In the reserves all things are possible. My SOCOM MOB billet sent me to TACP in Little Creek. But if your hoping to run around in the dirt with a radio as an navy officer I wouldn't get your hopes up, the teams make their own JTACs. There is plenty of jobs for Navy O JTACs to do in country that doesn’t involve leaving the FOB or Camp.
Hey, those JTARs aren't going to write themselves. :D
 

ChiccinTendies

New Member
Yes, it happens. In the Navy it’s rare and very difficult to get, and usually comes along with doing a tour as a fires officer in a NSW/EOD unit or with ANGLICO.
How rare and how difficult? I'm leaning Navy over Marines (it looks like nothing beats carrier ops, and the culture/other jobs in the Navy interest me more), but if doing at least one tour as a FAC or something similar is something I really, really would want to do in my lifetime, then does that disqualify the Navy from being my first choice? Obviously I would choose whatever branch gives me a flying slot, but it's nice to think about what I would choose in a perfect world.

PS Have you ever heard of fires officers with SWCC/Special Boat Teams? I know that they are a purely enlisted community, so at that point wouldn't you also be the Officer in Charge?
 

ChiccinTendies

New Member
SWCC OICs are SEALs
The thread is old, but one of the guys is talking about how SWOs were at the time able to become OICs, so I really don't think it's much of a stretch for anyone involved with NSW to have the opportunity to do that. What makes a Seal significantly more qualified to command a small boat than say, an EOD with NSW? I'm guessing that they probably just say Seals because the vast majority of NSW officers happen to be Seals.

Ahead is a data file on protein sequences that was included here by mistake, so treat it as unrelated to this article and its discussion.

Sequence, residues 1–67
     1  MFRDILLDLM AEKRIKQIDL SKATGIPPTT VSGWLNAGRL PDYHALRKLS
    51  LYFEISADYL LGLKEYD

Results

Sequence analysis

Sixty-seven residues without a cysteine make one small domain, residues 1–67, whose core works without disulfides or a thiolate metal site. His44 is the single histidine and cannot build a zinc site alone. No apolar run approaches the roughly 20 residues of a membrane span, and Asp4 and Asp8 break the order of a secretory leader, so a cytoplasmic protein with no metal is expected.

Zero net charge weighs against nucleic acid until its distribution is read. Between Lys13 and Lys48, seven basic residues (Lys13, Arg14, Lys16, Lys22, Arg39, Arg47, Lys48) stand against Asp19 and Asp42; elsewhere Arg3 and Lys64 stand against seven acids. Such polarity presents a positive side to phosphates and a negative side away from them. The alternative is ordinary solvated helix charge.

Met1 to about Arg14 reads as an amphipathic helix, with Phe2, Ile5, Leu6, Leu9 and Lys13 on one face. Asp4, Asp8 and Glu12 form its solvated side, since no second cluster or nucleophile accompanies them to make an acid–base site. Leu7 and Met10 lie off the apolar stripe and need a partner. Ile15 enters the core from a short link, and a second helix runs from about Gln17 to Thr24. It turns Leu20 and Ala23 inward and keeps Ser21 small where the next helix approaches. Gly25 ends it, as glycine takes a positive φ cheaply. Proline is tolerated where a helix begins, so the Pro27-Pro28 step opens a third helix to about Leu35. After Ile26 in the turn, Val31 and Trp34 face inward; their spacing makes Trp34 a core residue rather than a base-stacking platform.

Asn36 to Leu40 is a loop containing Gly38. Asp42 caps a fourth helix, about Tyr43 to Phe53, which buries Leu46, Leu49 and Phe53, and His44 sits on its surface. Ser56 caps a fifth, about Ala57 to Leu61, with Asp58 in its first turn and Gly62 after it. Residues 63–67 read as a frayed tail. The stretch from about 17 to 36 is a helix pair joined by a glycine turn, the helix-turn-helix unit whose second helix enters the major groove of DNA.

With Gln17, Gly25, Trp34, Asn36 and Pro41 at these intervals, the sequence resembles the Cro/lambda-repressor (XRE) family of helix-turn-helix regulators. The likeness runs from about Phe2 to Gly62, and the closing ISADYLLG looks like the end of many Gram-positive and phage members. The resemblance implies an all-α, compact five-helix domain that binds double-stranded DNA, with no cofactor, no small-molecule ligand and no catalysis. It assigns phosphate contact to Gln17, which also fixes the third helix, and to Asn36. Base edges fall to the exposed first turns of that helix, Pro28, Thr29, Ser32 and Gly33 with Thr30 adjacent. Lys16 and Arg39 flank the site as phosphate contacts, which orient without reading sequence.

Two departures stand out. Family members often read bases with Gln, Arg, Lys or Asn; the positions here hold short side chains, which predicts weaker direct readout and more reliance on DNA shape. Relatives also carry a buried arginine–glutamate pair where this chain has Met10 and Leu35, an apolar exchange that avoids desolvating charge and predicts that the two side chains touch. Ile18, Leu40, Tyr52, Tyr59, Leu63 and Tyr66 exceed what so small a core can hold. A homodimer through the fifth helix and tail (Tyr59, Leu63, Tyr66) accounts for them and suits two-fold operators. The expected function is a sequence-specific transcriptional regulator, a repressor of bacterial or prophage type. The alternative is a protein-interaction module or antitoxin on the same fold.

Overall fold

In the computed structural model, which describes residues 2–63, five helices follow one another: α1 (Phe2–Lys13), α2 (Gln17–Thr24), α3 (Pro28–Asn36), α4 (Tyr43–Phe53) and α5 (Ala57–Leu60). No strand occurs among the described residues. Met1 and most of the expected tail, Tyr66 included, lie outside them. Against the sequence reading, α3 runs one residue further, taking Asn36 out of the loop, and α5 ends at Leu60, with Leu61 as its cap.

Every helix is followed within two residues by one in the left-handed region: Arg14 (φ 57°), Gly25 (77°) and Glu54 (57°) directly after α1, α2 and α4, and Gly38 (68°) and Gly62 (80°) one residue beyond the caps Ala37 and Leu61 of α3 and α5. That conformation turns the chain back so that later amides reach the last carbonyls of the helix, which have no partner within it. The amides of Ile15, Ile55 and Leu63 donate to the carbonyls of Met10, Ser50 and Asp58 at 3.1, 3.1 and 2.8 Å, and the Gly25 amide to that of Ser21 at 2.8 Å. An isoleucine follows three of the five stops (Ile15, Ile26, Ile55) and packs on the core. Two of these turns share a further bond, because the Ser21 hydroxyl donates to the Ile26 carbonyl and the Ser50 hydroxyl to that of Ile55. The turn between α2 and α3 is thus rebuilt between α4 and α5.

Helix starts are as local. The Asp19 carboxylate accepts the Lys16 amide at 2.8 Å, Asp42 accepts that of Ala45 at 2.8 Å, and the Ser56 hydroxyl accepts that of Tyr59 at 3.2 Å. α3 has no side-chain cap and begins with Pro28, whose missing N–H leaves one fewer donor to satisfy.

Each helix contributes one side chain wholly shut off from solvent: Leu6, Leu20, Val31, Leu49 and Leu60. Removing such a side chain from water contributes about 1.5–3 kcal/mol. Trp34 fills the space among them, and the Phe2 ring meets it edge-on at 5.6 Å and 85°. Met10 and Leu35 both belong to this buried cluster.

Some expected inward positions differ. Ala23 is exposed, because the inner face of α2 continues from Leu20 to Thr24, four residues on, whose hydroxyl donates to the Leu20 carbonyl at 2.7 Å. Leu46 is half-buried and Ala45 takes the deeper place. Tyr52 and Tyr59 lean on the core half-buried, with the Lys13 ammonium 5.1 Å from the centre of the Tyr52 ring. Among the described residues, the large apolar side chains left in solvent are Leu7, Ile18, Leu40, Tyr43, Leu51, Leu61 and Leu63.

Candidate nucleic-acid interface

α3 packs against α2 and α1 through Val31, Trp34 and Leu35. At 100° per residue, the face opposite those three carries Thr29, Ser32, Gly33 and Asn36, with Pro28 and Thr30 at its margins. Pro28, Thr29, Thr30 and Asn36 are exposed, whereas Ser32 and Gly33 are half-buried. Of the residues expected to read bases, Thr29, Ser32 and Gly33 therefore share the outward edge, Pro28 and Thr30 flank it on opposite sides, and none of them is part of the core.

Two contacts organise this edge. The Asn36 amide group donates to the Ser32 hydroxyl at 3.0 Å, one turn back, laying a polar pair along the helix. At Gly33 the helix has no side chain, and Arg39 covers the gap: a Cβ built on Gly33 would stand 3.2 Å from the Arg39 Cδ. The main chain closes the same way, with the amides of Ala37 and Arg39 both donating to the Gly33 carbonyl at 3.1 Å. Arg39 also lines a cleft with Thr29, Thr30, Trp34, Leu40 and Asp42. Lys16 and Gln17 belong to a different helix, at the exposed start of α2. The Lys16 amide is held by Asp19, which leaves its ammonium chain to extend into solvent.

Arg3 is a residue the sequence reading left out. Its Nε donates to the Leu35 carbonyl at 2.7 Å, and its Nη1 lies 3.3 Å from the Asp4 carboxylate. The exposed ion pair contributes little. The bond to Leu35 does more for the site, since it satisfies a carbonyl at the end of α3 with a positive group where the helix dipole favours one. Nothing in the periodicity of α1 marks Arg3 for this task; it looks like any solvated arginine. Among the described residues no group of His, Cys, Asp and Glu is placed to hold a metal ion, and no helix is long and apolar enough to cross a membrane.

DanMa1156

Land of the rising sun. Literally. There's no DST!
pilot
Contributor
How rare and how difficult?

I like telling people, and not just you, that they need to understand how the Navy works. I do not say this to be mean, but don't plan on doing the "one-off" cool-sounding jobs. It's good to have a goal, but at some point you have to make tradeoffs (in your case, carrier aviation & culture vs. other things you might want to do). You also have to remember that goal may be limited to a very specific timeline in your career path only for you to be told: "sorry, your timing doesn't work." I remember being in your shoes thinking: "oh man the Navy has so many opportunities; I want to do them all," but the reality is everyone on the officer side is owned by a "community" within the Navy, that has to be willing to give you up for the vast majority of the "cool" opportunities that are not immediately on the path/billeted for that community. Also, each job is specifically for a specific rank and timeline +/-. Additionally, once you get off one path, it can be very difficult to get back on it; I say this because I remember thinking as a brand new Midshipman something along the lines of: "oh man, I'll fly one tour, go instruct, then do some random other cool super tactical thing, at this point I'll be old enough to want to settle down a bit, go to grad school, I'll be schooled up, go back to flying, then become an attache, then go back to flying again... yadda yadda yadda" but it's not exactly like that. There's a set path, with limited options, and while there are some off ramps, they are often permanent off-ramps, and most of those are highly selective and timing dependent, plus your community has to be willing to give you up.